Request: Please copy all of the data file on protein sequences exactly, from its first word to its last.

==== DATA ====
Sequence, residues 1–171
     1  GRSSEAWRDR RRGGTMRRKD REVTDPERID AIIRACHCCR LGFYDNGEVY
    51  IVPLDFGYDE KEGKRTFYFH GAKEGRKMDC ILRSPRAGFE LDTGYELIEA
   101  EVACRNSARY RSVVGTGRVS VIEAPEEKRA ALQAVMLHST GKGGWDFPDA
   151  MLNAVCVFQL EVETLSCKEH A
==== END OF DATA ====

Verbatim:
Sequence, residues 1–171
     1  GRSSEAWRDR RRGGTMRRKD REVTDPERID AIIRACHCCR LGFYDNGEVY
    51  IVPLDFGYDE KEGKRTFYFH GAKEGRKMDC ILRSPRAGFE LDTGYELIEA
   101  EVACRNSARY RSVVGTGRVS VIEAPEEKRA ALQAVMLHST GKGGWDFPDA
   151  MLNAVCVFQL EVETLSCKEH A